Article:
The increased focus on wellbeing and mental health over the last few years has turned many heads towards schools. But research has found numerous gaps when observing how young people’s wellbeing has been incorporated into the education system.
Worryingly, more than 1 in 10 young people believe that they have no one to talk to, or wouldn't talk to anyone in school if they feel worried or sad (The Mental Health Foundation, 2018). This is particularly concerning given the devastating impact of the pandemic on young people’s mental health: the number of children referred to children and young people’s mental health services increased by a staggering 134% in 2021 (Royal College of Psychiatrists, 2021).
But there are steps we can take as educators to support our students’ wellbeing. Below, we discuss how early intervention tools, including the development of soft skills, can prevent young people’s mental health from deteriorating, and how you can introduce these tools into your school.
Why is young people’s wellbeing so important?
Evidence shows that “good mental health in the first few years of life is associated with better long-term mental, physical, and social outcomes'' (University of Birmingham, 2019). Not only does good mental wellbeing have physical benefits, but it has social benefits such as educational attainment, increased confidence, and more positive relationships.
However, many people do not start prioritising their wellbeing until they are actively struggling. Worryingly, this is especially true in young people, and many young people may not have the understanding or self-awareness to identify mental health issues in themselves.
Young people go through massive growth periods physically, socially, and emotionally during their years in school, and so it’s important for them to feel supported during these periods of change and growth. Therefore, as educators, it is part of our role to help educate children and identify early warning signs of poor mental wellbeing.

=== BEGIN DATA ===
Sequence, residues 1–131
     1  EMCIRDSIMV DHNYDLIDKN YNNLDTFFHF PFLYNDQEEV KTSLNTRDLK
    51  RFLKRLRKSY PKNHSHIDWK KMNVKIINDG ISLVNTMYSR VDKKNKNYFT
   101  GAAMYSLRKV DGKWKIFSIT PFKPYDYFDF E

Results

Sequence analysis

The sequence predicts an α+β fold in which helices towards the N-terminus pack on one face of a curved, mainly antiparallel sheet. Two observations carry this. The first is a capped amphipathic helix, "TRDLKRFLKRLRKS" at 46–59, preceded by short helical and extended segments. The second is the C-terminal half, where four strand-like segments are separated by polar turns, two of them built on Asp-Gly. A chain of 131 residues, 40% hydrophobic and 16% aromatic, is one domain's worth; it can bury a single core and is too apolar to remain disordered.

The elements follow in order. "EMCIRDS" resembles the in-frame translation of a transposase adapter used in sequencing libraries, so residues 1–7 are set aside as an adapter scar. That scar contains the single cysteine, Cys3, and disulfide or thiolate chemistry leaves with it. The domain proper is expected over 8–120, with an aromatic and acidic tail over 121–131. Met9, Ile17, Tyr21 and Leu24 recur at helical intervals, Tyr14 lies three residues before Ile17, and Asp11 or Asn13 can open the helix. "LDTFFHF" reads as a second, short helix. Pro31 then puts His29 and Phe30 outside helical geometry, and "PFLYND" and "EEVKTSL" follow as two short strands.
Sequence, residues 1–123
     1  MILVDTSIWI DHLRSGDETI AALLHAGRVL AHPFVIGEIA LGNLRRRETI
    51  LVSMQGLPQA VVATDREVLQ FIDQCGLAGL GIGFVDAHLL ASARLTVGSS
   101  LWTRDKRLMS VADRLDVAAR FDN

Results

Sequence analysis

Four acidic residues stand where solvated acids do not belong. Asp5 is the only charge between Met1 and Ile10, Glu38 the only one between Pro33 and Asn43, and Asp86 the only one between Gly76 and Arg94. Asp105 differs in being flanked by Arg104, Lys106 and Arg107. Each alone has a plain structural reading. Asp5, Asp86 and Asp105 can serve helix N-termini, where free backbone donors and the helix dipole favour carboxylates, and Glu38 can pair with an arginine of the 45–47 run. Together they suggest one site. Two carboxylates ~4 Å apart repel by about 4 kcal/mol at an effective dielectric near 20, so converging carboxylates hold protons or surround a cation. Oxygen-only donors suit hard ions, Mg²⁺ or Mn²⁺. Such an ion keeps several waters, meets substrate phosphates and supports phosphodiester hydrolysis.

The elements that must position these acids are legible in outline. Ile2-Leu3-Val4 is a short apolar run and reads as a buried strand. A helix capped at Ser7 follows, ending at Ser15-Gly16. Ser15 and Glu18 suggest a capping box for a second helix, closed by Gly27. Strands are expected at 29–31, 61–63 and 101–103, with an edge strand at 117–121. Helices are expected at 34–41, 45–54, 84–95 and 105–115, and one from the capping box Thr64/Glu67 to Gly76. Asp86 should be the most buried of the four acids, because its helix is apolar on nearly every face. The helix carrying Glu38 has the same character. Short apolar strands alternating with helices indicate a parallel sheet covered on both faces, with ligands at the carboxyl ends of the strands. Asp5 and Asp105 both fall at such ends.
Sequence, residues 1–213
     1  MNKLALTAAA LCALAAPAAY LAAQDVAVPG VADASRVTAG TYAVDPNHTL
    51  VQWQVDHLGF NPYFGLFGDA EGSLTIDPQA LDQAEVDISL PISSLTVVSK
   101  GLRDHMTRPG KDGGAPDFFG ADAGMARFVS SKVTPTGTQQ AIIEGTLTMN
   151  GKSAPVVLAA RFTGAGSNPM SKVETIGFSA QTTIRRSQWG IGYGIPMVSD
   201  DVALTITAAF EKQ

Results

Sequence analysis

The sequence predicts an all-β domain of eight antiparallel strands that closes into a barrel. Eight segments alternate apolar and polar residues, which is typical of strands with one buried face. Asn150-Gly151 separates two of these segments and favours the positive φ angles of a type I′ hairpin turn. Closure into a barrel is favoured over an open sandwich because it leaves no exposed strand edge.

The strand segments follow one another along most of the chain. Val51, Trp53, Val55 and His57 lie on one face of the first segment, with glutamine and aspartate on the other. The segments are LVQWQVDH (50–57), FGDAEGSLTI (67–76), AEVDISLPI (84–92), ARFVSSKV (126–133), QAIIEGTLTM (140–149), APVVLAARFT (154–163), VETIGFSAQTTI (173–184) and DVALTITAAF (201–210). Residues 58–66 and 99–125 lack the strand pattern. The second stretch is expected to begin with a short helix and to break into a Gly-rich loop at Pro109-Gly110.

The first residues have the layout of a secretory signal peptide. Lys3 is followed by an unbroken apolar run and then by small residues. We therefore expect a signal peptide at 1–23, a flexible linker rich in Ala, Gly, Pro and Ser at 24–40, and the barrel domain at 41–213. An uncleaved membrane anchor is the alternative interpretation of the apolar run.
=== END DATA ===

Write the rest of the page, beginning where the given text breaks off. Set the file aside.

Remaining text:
Some examples of social and environmental factors that may influence a young person’s wellbeing are:
family and home stressors (i.e., arguing among family members, illness of a family member)
socioeconomic status (i.e., low income, unsafe or unhealthy living conditions)
access to healthcare (i.e., availability of adequate medical services for physical and mental health)
toxic relationships (i.e., verbally or physically abusive partner, unhealthy and draining friendships)
availability to support systems (i.e., access to openly discuss issues with a counsellor, parents, friend, sibling).
Recognising early signs of poor mental wellbeing
Early intervention is defined as “identifying and providing effective early support to children and young people who are at risk of poor outcomes” (Early Intervention Foundation, 2022). Effective early intervention can prevent mental health problems from occurring or getting worse, and can help young people to develop the skills needed for adult life (Early Intervention Foundation, 2022).
Research also shows that, by improving young people’s mental health, early intervention programmes can make a profound difference to young people’s life chances and enable them to discover their full potential (Place2Be, 2019).
But how do you as an educator know when it’s time to step in?
Take a look below at the diagram of the ‘Mental Health Continuum’.